Log in

The man rang me and said ‘I hope you voted for Peter Casey’

 

 

A couple of days ago I got a phone call from a man who started off his chat with the words “I hope you voted for Peter Casey”.

  I told him I hadn’t, which didn’t impress him much. He then started to talk about the new rung in Irish society, i.e. the Squeezed Middle. The man told me of a conversation he recently had with two schoolteachers who are married to one another and who are both working in Dublin.

  Basically they told him that they cannot afford to even think about starting a family, such is the crippling cost of childcare, and they also told him that they can never dream of trying to buy their own house – an amazing situation considering they are two highly educated people, both of whom are working, and effectively – as teachers – responsible for the education of our next generation.

  As Peter Casey did earlier, the man contrasted their situation with that of the travellers in Tipperary who turned down the six new houses which had been built at a cost to the taxpayer of €1.7m. It is easy to see why the Squeezed Middle are becoming more and more restless.

  Later that evening I spoke with an educated professional person, and in her opinion we now have a three-tier society – the social welfare one (where certain sections seem to get everything from free housing to free medical services to fuel and footwear allowances, etc.), the very wealthy who don’t contribute anywhere near their fair share to the economy, and the Squeezed Middle, who get caught for everything and now have nowhere to turn.

  The latter group’s problem is that they are earning too much to qualify for any social welfare, but the cuts which they suffered during the recession mean they are now stuck in no man’s land, and the banks (who had to be bailed out by all of these P.A.Y.E. earners because of their own outrageous mismanagement) have turned their backs on the very people who saved them – and their extremely strict mortgage guidelines mean these middle-income earners are now trapped in a poverty trap.

  In Dublin it is not uncommon to be paying up to €1800/€2000 a month in rent for a two-bedroomed property, and despite continuous promises of its intention to address this, the Government has done nothing about it (or certainly achieved nothing).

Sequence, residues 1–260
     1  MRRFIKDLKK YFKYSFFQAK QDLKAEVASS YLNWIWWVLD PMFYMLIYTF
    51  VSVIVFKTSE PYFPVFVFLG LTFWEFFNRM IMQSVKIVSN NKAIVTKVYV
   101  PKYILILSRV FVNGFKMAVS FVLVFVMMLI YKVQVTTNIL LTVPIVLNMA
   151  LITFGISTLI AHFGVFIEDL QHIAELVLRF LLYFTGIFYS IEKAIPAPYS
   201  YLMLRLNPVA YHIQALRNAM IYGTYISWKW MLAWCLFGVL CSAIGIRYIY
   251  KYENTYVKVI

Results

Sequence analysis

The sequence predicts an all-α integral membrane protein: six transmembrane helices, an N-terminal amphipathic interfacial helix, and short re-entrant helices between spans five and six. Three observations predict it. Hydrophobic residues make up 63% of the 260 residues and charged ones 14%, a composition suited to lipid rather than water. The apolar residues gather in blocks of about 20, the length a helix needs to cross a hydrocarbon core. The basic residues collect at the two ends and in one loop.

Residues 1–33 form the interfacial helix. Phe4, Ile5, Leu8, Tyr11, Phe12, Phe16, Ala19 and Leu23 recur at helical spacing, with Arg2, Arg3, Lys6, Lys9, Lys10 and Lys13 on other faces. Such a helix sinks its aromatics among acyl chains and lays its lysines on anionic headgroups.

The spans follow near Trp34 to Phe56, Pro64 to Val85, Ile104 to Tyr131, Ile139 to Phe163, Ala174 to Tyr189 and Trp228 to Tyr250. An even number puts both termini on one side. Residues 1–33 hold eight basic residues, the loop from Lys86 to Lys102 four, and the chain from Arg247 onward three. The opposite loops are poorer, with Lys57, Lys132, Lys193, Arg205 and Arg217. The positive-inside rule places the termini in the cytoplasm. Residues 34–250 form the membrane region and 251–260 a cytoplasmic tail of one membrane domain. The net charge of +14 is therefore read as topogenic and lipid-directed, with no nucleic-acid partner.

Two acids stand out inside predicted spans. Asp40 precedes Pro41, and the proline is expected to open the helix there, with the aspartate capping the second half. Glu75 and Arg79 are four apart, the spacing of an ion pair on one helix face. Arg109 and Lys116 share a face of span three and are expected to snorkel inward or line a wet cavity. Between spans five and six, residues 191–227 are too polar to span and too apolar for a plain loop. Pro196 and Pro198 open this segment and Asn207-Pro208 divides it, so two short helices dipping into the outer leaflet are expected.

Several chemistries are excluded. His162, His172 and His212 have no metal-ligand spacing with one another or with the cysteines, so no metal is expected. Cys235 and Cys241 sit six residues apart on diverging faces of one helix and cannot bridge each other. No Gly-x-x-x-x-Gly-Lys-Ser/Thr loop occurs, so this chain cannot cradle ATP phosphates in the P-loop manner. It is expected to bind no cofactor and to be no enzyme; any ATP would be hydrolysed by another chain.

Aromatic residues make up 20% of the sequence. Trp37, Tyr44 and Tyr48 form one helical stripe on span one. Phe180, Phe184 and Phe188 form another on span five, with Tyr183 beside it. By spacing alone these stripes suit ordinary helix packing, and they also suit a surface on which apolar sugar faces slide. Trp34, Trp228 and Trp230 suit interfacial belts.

The teachers I am talking about are stuck with the outrageous rent prices that are being charged now. As in the case of a lot of people, they could buy their own house for less monthly outlay than they are now paying if the banks would only give them a mortgage.

  It’s the classic Catch 22 situation, but the fact that 340,000 people voted for an unknown candidate simply because he highlighted the unfair treatment of a section of our society must surely make our politicians more than a little uneasy. Maybe it will force them to act. We’ll wait and see, but we’re not holding our breath.

  Now we all know that there are true, genuine social welfare recipients out there, who need all the help they get, but we also know that large numbers are trying to milk the system, while a good number of our millionaires and billionaires have overseas residences’, and in some cases pay very little tax, even on money made in Ireland.

  The truth is that the middle-income earner is an easy target, and is getting hit at every turn. I believe he, and she, has had enough, and the revolution may be just around the corner.

 

My prescription: Cut back on claims culture

 

Sometimes you would wonder as to what sort of world we live in today. One of the biggest causes of concern to me, and to many ordinary people like me, is the big surge in legal claims against every type of company and individual – and the huge sums of money that are being awarded for what often appear to be relatively minor complaints.